The concert title Spellbound is an apt choice when it comes to the music of Richards Wagner and Strauss, and the opening group of orchestral songs by Strauss in this generous concert were given an intoxicating performance by soprano Nicole Car. The Wagner, however, was a bit more problematic.

Nicole Car

Nicole Car. Photo supplied

Adelaide Symphony Orchestra’s Conductor Laureate, Nicholas Braithwaite, is completely at home and extremely experienced with these late Romantic soundworlds. He has many decades’ experience as an international conductor, like his father (Warwick) before him, and has conducted seven Ring Cycles. He has absorbed this music since early childhood and conducted the program with distinction. The orchestra is also experienced in Wagner and its senior members accompanied two separate Ring Cycles to great acclaim in 1998 and 2004.

After a conversation with the composer’s grandson, who felt that the essence of this gargantuan Cycle lay in the music, the conductor Lorin Maazel arranged what he termed an 80-minute “symphonic synthesis” – Der Ring ohne Worte (The Ring without Words). His treatment has some marvellous moments as it follows the operas chronologically and includes many of Wagner’s orchestral highlights – Ride of the Valkyries, Wotan’s Farewell, Siegfried’s Rhine Journey. The augmented orchestra certainly shone with seamless strings, and very fine winds and brass from the opening (Das Rheingold’s “greenish twilight” of the Rhine) where Braithwaite built up his impressive forces on a single chord, from the basses and horns, mounting in seductive power.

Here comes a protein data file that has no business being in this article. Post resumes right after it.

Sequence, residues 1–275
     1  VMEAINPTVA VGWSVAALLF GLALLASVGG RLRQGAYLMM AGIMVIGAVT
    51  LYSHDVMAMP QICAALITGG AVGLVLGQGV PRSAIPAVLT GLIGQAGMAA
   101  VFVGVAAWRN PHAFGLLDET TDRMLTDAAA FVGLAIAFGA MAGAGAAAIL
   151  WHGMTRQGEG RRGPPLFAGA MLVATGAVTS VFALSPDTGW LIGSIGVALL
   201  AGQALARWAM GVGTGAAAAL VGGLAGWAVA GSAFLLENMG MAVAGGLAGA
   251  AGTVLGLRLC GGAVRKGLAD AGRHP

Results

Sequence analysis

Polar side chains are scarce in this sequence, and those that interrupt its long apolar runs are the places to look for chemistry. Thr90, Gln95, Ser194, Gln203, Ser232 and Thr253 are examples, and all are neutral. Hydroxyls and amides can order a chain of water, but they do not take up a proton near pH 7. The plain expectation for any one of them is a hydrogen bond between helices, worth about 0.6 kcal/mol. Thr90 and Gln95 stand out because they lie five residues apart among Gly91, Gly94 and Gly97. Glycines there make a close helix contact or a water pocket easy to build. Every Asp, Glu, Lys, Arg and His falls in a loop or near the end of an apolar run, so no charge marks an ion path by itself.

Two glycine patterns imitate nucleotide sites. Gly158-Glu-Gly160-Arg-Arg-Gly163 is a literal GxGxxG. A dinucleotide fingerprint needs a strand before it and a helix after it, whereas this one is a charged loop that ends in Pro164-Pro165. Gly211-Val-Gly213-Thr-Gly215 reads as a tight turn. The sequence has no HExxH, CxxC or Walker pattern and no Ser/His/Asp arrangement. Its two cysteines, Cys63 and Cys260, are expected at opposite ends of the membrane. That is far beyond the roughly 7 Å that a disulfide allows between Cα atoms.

The problem with Maazel’s arrangement is that it often lacks a sense of cohesion and symphonic development. Yes, it’s all Wagner’s work, but there’s a noticeable lack of craftsmanship and precision in piecing the excerpts together.

The Strauss on the other hand was simply gorgeous. Mind you, other than Mozart, who else wrote as seductively for the soprano voice? And with the singer on offer, we have an ideal Straussian. A lyric soprano of great distinction, Nicole Car has a delightful stage presence, great diction and an intelligence to match her natural gifts. From the opening Lied Zueignung, she made her mark on this seductive and serene music, while Braithwaite’s support was light yet tensile. Allerseelen saw an effortless horn and then it was onto what may be the best musical wedding gift ever, the songs which make up Op. 27 – a gift to Strauss’s wife, the soprano Pauline de Ahna. It was in the composer’s own orchestrations heard here, that the subtle and yet often richly chromatic colours cast an almost perfumed allure to the glory that is the female voice.

Car is as fine as any Straussian, with beauty of tone, impeccable word painting and heartfelt intimacy and power (when it’s called for). Perhaps finest of all was Ruhe, Meine Seele which has that ‘dimming at the end of the day’ quality found in his late masterpiece, Vier Letzte Lieder. Her performance was gentle, lightly sung, then built to an almost Wagnerian intensity. The concluding intertwining violin lines are akin to Im Abendrot’s bird-like flute trills. The set concluded with perhaps Strauss’s best known song, Morgen! (Tomorrow), By this time, the audience were applauding between individual songs. Car’s ability to word point was exemplary, with a true sense of sun and bloom in her voice (“And tomorrow the sun will shine again …”). Praise should go to Emma McGrath’s solo violin here, and it was nice to hear the horn in the closing phrases. The way to judge a performance is by the length of the pause displayed by the audience before applause. Here it was possible to hear people catch their breath in rapt emotion. An encore came with the familiar Vilja Lied (auf Englisch), deliciously sung, and the basses so appropriate with that Viennese rhythm.

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